Why Does England Still Have A Monarchy? Do We Need Them Anymore?


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Roger Clegg Profile
Roger Clegg answered
The monarchy of the United Kingdom undertake various diplomatic, ceremonial, official and representational duties.
  • The current British monarch is Queen Elizabeth II
  • The British monarchy has been an institution for over one thousand years.
  • The Queen appoints the Prime Minister of the United Kingdom.
  • The monarch acts as the commander-in-chief of the British armed forces.
Queen Elizabeth II governs under a constitutional monarchy - which means that the ultimate executive authority over the government is in the hands of the monarch, but these powers may only be used in conjunction with laws enacted in parliament. The monarch's Royal Prerogative powers are severely constrained by convention and precedent, and royal appointments are almost always made by elected politicians beforehand.

Why does England still have a monarchy?

Republicanism is becoming more popular in Britain as the monarchy no longer enjoys the unwavering support it used to have, although most people would prefer the current situation to an elected president. The Windsors generate a vast amount of income through tourism and are widely regarded as an asset to the country.

  • The Royal Family and their estates are a popular tourist attraction.
  • Some members of the Royal Family act as envoys for the country, promoting British interests abroad.
  • The public have voiced their opinion over lavish events which make use of tax-payers' money, especially when public services are being reduced across the country.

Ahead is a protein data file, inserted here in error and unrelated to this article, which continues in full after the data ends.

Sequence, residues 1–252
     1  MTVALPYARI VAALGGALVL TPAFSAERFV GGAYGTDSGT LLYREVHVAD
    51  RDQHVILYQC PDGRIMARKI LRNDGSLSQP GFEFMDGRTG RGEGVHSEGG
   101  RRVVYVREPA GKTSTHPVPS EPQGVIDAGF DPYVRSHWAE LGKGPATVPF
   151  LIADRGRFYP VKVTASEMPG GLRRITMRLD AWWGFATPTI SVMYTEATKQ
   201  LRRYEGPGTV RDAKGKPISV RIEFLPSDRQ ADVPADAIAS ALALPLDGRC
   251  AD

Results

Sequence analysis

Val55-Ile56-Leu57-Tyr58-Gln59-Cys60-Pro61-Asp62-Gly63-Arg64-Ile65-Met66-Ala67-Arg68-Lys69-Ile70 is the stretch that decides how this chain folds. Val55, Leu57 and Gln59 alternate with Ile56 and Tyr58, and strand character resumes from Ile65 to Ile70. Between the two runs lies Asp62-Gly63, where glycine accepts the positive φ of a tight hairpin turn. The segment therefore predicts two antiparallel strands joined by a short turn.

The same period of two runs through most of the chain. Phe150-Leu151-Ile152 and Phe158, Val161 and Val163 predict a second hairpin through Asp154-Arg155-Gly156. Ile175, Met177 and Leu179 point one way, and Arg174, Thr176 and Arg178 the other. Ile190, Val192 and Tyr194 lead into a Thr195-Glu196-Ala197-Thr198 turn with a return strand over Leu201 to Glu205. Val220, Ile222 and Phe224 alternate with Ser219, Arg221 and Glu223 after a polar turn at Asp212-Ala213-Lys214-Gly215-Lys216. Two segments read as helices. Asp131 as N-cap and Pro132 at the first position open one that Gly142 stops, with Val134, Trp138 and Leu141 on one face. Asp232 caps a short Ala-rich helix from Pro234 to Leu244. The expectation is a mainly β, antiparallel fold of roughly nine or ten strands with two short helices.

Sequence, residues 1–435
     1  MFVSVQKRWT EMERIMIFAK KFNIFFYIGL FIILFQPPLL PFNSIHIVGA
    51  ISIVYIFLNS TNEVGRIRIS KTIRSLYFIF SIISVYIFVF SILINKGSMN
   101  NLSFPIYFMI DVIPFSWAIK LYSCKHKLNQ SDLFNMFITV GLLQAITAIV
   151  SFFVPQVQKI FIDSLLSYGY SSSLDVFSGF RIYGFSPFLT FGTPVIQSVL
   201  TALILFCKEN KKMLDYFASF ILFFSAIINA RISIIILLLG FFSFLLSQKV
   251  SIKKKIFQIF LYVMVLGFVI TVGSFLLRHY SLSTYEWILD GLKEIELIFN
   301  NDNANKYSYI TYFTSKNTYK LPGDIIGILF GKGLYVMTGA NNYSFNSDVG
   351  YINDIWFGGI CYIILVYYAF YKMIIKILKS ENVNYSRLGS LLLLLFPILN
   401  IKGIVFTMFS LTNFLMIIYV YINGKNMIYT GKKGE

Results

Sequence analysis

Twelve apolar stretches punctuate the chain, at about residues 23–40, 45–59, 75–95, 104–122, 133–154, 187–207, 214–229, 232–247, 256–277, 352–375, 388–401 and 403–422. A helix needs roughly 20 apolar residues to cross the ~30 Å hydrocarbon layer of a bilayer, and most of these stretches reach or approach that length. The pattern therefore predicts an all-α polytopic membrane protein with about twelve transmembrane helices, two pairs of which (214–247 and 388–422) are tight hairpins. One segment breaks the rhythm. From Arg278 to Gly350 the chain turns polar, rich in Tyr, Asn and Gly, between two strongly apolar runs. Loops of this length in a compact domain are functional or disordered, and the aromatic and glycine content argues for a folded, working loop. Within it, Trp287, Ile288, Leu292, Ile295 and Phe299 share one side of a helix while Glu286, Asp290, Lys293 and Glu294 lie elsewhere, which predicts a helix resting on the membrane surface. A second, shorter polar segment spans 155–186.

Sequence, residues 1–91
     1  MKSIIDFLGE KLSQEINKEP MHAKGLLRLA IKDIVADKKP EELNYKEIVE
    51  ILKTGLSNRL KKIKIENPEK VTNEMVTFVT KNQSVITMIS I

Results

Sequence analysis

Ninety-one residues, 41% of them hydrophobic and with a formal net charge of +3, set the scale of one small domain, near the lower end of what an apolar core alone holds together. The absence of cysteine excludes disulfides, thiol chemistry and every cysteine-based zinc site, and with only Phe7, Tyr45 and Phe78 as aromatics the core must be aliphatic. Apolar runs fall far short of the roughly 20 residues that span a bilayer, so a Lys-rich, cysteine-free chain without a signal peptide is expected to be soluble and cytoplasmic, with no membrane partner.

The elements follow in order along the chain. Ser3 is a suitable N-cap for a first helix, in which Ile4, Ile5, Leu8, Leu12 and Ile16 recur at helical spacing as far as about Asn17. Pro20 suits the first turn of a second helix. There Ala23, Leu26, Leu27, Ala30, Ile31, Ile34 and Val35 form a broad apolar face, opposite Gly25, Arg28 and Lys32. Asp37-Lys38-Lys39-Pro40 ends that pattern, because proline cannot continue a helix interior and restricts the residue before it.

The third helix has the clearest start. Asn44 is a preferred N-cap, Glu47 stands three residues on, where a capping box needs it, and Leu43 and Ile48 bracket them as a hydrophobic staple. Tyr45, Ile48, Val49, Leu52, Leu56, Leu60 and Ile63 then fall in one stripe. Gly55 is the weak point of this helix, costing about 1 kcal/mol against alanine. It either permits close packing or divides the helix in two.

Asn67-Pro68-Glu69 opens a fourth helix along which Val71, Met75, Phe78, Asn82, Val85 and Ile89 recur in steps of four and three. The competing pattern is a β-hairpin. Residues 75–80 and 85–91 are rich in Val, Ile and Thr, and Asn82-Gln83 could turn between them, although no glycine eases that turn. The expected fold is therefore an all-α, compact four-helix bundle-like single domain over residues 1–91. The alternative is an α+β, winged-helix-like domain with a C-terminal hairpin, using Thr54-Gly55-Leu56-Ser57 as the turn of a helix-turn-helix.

• The majority of the British people would rather have a constitutional monarchy than an elected head of state.
Constitutional monarchies around the world:

  • United Kingdom and the commonwealth realms (Canada, Australia, New Zealand, Papua New Guinea, Jamaica)
  • Belgium
  • Bhutan
  • Bahrain
  • Cambodia
  • Denmark
  • Japan
  • Jordan
  • Kuwait
  • Liechtenstein
  • Lesotho
  • Luxembourg
  • Malaysia
  • Monaco
  • Morocco
  • Netherlands
  • Norway
  • Spain
  • Swaziland
  • Sweden
  • Thailand
Anonymous Profile
Anonymous answered
Okay so they don't have much power anymore, but it's good to divide out the power - no?
Heaven forbid we become like America with one president who may as well be a king anyway..
They're an interesting part of our heritage, and let's not forget their ancestors bought us a long way down the path we have taken to create modern Britain. Many of our most beautiful buildings and cultural masterpieces were sponsored by either the Church or the Monarchy- we have a lot to thank them for, and as long as they know their place and don't start demanding the return of the divine right of kings, I am more than happy to see them thriving in Britain:)

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